I bore the crap out of people when I talk about Google’s technical changes. As Erin says, “deal with it”.
I was getting all these posts in my feeds about Google implementing a new quality score factor to Adwords. Google says “load time” refers to the amount of time it takes for a user to arrive at your functional landing page after clicking your ad. Starting in March, Google will begin to analyze the loading time of your landing pages and connect its quality to the overall quality score.
The official Inside AdWords blog posted an announcement about it March 6th. If you work on creating landing pages, you should be following this closely over the next few weeks.
Once Google adds “load time evaluations” to the account in the keyword analysis page, we’ll then have one month to review the pages and make necessary adjustments.
The purpose of this change is to provide the best possible user experience for those clicking on the ads. As a campaign element we haven’t considered much in the past, it serves as a reminder for advertisers to keep in touch with the user experience. I think we’ll find that that reducing the bells and whistles will lead to more conversions overall.
We still don’t know the parameters of the load time, what is too long? I guess we’ll find out…
As Lisa pointed out in a previous post, online video usage is exploding, and we aren’t talking just YouTube. According to a Horowitz Associates report outlined here, 16% of adults with broadband access watch full episodes of TV online. Personally, I’m a big fan of this because I am without a DVR, but I do have a serious addiction to many network shows such as Heroes, Prison Break, and Grey’s Anatomy. As an Interactive Media Planner/Buyer, I find this advertising opportunity very attractive due to the high impact placements and the ownership opportunities which typically include a few mid-roll placements that I have seen to be not just video, but also interactive units.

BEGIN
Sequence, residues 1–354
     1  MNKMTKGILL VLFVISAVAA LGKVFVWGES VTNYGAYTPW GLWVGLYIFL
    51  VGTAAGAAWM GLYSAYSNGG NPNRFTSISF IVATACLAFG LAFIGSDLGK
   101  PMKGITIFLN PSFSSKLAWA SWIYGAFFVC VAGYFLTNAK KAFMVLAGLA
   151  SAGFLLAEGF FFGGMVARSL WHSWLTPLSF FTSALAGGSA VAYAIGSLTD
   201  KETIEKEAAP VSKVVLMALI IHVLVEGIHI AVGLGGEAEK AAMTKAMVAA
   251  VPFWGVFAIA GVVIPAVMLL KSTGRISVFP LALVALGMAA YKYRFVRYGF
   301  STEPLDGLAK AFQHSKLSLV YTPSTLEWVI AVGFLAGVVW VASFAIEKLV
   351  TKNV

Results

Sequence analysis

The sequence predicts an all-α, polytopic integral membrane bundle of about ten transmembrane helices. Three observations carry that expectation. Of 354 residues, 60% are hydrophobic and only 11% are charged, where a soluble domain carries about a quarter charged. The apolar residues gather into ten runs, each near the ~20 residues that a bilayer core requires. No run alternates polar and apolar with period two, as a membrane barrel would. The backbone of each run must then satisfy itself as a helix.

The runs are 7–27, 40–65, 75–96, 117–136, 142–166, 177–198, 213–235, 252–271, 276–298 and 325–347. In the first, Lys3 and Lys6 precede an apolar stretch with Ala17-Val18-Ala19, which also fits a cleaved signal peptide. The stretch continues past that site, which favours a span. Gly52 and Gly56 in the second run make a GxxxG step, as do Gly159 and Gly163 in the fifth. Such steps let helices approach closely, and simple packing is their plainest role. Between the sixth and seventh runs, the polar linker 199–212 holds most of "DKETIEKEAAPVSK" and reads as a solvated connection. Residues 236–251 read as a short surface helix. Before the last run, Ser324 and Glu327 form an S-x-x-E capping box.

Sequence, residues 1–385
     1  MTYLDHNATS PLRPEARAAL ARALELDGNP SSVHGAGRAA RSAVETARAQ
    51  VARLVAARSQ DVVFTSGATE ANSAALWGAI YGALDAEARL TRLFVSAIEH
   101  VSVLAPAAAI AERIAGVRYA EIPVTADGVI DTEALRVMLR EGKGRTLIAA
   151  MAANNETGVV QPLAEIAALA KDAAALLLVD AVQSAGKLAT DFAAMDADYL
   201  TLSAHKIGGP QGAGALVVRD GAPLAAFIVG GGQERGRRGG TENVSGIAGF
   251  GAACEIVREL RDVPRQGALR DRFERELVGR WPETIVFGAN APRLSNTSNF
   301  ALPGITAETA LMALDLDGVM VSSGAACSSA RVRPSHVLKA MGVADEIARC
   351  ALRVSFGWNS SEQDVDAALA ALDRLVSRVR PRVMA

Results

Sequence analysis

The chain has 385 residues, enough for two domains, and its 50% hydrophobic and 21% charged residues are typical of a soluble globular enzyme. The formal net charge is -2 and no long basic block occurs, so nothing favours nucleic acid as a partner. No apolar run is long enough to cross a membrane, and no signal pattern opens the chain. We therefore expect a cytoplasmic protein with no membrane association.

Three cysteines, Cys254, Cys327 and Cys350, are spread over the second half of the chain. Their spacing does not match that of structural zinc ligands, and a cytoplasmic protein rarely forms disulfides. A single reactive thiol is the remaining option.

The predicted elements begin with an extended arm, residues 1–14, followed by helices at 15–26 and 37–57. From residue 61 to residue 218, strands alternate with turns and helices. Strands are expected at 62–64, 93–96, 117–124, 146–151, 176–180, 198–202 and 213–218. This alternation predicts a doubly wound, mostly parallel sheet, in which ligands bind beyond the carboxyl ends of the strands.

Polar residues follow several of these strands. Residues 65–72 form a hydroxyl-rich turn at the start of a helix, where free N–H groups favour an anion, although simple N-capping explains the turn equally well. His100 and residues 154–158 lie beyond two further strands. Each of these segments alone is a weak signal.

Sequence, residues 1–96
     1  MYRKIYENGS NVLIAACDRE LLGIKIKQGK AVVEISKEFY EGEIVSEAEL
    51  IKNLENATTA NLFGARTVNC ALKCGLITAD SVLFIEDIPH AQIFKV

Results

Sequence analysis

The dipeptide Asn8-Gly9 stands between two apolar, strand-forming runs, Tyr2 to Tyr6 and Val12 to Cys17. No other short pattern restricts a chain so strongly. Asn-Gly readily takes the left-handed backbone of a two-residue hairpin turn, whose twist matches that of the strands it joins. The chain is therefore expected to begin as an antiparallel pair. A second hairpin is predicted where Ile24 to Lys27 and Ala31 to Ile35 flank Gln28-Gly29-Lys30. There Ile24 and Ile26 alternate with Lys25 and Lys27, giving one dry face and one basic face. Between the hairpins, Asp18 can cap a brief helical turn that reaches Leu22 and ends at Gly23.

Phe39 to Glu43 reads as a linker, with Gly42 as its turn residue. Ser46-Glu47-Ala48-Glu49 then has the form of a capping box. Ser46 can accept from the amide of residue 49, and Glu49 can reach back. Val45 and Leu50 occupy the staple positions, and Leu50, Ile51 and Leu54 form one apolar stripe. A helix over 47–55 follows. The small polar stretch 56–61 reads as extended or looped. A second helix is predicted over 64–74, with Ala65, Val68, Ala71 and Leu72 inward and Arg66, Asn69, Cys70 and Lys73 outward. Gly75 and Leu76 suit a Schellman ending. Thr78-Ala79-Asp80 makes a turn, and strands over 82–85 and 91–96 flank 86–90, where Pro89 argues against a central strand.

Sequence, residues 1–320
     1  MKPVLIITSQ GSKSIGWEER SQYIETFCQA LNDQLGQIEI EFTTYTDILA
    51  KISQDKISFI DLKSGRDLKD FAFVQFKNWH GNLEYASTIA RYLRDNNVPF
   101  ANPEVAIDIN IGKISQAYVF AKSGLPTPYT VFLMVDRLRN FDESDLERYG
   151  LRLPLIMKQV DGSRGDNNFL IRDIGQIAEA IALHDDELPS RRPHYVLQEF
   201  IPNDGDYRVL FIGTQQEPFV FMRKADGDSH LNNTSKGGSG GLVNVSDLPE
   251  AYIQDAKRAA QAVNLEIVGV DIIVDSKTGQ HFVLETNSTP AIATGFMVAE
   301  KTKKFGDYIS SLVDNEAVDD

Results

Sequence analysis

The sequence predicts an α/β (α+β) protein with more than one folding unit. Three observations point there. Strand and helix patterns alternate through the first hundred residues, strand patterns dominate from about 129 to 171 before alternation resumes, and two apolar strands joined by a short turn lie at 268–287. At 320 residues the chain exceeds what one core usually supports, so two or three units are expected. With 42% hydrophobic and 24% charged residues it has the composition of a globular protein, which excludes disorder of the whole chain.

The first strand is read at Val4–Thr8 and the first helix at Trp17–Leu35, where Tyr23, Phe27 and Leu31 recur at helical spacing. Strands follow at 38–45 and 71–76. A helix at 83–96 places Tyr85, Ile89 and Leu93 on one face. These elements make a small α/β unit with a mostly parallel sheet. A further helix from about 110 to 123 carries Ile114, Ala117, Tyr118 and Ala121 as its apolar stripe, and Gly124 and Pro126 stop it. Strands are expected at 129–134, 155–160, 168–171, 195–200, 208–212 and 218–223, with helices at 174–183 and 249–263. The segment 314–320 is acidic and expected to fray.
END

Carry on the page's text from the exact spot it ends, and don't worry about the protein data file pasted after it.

This week, Adotas published an interesting article about the merging of the Internet and TV. The author, Peter Koeppel, thinks this is inevitable due to increase of media consumption multi-tasking and how far quality content online has come. This sounds super cool to me as a consumer. My two favorite things – TV and the Internet – become one? A match truly made in heaven. Some of this convergence has already started with the XBox Live, Apple TV and other products. Long before was Web TV, concepted in the mid 1990s as a component which basically allowed for using the TV as a monitor and a remote as a mouse. I remember seeing ads for this in high school, thinking it was really cool but maybe ahead of the times for a mass audience. Or maybe I just wish I would have thought that. In doing some searching, I found that Microsoft purchased this and is still trying to improve upon the original concept with MSN TV 2.
Later this week, MediaPost published an article about TV buying taking a cue from online advertising networks utilizing the long tail of the web to deliver aggregated reach of a particular audience. It’s no surprise that Google was the first to roll this out with Google TV Ads, taking a cue from their Adwords product.
My geeky excitement of what will happen next with this is right up there with what will happen with behavioral targeting in 2008. Professionally it will create another media buying challenge, which I am totally up for. Personally, I just want to watch my Heroes and Instant Message my buddies about how cute Peter Pitrelli is or what power we would want if we could choose without having to start up my computer.
Recently Ina Steiner at auctionbytes.com made a interesting discovery. In “Mystery: Who Hijacked eBay’s Google AdWords Ad?”, a search for “ebay” yielded a wicked little PPC ad in Google that actually took searchers to a page on Amazon about iPods.
Top ad in Google search results goes to this landing page=>
What? iPods? Only the hottest gift of the season!